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Message from Mrs McIntosh

‘Education is not the learning of facts, but the training of the mind to think.’  

Albert Einstein 

Maths must surely be one of the most emotive subjects that we teach in schools. People have such different responses to and feelings about it.  

  • ‘I hate Maths!’ 
  • ‘I loved Maths lessons because there was one right answer.’ 
  • ‘I was no good at Maths at school.’ 
  • ‘I never understood what we were doing or why.’ 
  • ‘Maths is so easy, I don’t understand why people don’t get it!.’ 

These are all phrases I have heard from parents over the years at Parent Consultations or when they have come to ask for advice about how to help their child.  

Teachers have been on a mission for about 10 years (more in some cases!) to change the way that pupils feel about Maths and by association the way we teach it.  

Here at Beechwood, we follow a scheme called White Rose Maths. Their strap line is…  Everyone can do Maths. Everyone can!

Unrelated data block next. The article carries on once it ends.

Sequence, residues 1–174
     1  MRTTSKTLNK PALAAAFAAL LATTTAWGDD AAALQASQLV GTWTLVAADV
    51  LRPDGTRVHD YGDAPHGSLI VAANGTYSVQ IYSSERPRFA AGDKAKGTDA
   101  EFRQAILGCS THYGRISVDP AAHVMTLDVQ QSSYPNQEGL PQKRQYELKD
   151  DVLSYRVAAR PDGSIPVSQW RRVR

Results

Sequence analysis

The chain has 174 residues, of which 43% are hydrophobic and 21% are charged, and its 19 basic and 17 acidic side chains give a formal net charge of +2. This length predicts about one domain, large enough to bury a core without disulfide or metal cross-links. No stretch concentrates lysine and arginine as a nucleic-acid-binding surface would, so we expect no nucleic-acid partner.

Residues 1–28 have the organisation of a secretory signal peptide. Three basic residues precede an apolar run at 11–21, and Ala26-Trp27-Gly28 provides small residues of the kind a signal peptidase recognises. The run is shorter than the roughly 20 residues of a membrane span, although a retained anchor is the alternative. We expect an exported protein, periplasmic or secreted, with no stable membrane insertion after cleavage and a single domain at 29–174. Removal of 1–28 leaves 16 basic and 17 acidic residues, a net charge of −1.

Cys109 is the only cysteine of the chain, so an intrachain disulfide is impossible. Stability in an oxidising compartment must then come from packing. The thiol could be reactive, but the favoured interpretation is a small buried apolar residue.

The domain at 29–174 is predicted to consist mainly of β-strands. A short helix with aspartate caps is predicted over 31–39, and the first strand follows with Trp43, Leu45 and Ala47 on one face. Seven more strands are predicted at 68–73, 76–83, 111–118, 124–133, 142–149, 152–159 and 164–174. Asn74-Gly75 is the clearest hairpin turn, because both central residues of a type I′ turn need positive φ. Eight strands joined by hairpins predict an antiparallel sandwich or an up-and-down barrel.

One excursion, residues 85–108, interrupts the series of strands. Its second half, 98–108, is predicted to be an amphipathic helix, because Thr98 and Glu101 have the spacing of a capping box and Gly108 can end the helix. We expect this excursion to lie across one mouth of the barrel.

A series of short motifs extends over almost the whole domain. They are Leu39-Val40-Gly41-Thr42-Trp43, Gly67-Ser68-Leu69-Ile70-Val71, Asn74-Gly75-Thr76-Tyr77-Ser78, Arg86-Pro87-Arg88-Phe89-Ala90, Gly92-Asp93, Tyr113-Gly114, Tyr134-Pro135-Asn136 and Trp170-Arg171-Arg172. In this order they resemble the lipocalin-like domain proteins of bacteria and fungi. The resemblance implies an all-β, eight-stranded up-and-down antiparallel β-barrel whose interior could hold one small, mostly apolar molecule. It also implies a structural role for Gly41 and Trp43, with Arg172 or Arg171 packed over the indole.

What is it?

‘White Rose Maths brings together a team of highly experienced and passionate maths teaching experts to train, guide, help and support all those who want to make change happen.’ 

They have created a clear and comprehensive scheme of work, a clear, time-linked plan for learning which is broken up into blocks of learning.  

The scheme is based on a mastery approach to learning.  

What does that mean?

Mark McCourt in his book ‘Teaching for Mastery’ defines it as:  

‘A teaching and learning approach that aims for pupils to develop deep understanding of maths rather than being able to memorise key procedures or resort to rote learning’. 

So, in essence that means that children will really get to grips with numbers and operations rather than just following a method.  

For more on this why not watch this short video about how Maths has changed.

There is also a strong emphasis on a three-stage approach known as CPA  

Concrete       Pictorial      Abstract 

In the Junior Department we use a wide range of manipulatives (concrete materials) such as Numicon, ten frames, counters, pebbles, dienes blocks and others.